Canada’s vast wilderness covers most of this geographically large country. Its national parks and national park reserves span 336,343 square kilometers across tundra, plains, forests, lakes, and even glaciers. Much of this protected territory can be found in Canada’s largest province, Quebec, which is home to some of the countries most stunning national parks. With breathtaking natural landscapes, diverse wildlife, and a range of outdoor activities for visitors of all ages, Quebec's national parks are an ideal destination for those planning an outdoor getaway. When planning a visit, it can be hard to choose amongst them all, but here are the top 10 national parks in Quebec. With HomeExchange, the #1 home exchange community in the world, you are sure to find a place to call home during your great exploration!Discover How HomeExchange Works
1. Parc national de la Gaspésie: A Hiker’s Paradise in Quebec National Parks
Parc national de la Gaspésie is a must-visit destination for nature enthusiasts who love adventure and stunning scenic views. Located in the Gaspésie region of Quebec, the high altitude of the Chic-Choc Mountains here influence the park’s climate, covering its rugged terrain in Arctic-alpine plants.
Gaspésie was added to Quebec national parks in 1937 to protect its pristine animal life, including the salmon of the Sainte-Anne River and local herds of caribou. Many enjoy visiting today to see the caribou, who still remain, and are the last representatives of this species south of the St. Lawrence. In summer, it’s a top hiking destination, and in winter visitors can enjoy cross country skiing and snow shoeing.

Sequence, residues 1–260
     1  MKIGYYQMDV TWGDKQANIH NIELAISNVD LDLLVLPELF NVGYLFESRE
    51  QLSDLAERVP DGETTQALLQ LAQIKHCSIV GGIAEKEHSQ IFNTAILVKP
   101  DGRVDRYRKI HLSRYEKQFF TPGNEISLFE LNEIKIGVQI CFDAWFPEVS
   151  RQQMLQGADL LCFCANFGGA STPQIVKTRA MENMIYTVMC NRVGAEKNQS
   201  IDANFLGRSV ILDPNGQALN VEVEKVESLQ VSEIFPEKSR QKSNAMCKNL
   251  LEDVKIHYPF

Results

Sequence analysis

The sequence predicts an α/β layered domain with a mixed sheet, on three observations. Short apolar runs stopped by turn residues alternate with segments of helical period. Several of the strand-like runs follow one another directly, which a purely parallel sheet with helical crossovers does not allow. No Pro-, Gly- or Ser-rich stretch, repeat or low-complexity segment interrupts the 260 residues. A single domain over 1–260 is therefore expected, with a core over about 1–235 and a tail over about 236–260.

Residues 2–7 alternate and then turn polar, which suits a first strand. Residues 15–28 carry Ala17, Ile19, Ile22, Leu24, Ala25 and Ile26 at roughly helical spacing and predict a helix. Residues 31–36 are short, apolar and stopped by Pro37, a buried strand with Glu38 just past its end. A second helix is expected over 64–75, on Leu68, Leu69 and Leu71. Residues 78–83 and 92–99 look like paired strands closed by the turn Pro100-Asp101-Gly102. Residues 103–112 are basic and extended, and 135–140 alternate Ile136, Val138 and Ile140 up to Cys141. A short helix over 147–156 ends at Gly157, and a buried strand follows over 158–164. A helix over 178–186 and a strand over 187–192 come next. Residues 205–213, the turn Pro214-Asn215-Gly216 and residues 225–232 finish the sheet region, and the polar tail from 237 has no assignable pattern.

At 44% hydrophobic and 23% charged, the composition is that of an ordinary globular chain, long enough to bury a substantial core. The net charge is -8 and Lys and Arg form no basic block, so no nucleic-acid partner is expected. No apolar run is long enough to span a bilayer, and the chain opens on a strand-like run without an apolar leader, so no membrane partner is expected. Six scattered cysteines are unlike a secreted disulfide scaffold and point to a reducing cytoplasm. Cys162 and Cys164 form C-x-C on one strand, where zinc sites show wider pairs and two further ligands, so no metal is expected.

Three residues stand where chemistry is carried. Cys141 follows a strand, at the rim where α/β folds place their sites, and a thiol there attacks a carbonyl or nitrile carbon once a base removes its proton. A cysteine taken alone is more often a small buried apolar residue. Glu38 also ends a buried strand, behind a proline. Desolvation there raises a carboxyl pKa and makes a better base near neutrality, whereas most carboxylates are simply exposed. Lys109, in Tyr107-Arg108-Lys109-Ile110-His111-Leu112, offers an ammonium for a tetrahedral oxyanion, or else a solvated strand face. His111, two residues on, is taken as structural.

2. Parc national de la Jacques-Cartier: A National Park Near Quebec City
If you’re looking for national parks near Quebec City, Parc national de la Jacques-Cartier is located just 30 minutes away, making it the perfect destination for a day trip or a weekend getaway. This park features a stunning mountains plateau cut by deep valleys and the river by the same name as the park that cuts through it. The river is home to many beavers which are a wildlife favorite for visitors to spot here. Moose can also be seen wandering high and lows of the parks, including its conifer forests.
In summer visitors can hike the park’s more than 100km of trails, and if you’re not afraid to get wet, even raft down the river. If you do, be sure to bring your waterproof camera for this amazing photo opportunity!
3. Parc national de la Mauricie: A Family Friendly Choice Among Quebec Canada’s National Parks
Many of the Quebec Canada national parks were created with the purpose of protecting local nature and wildlife from disappearing. This is true of Parc national de la Mauricie in the heart of Quebec. At one time, the forest of the Shawinigan region where the national park is located, underwent so much logging that its existence was severely threatened. Since the creation of the park, its forest have regrown and contain a mix of conifers and deciduous trees. The only on chopping them down these days are the local beavers.
Families with kids will love the park's kid-friendly activities. The Mattawin River that flows along the borders are the park make it popular destination for kayaking and canoeing. As you make your way down the river, you might spot some adorable otters! Other local wildlife and includes wood turtles, moose, and black bears, so if enjoying hiking in the area, be sure to stay on marked trails and know these 7 safety tips for hiking.
4. Parc national du Mont-Tremblant: The First of National Parks in Quebec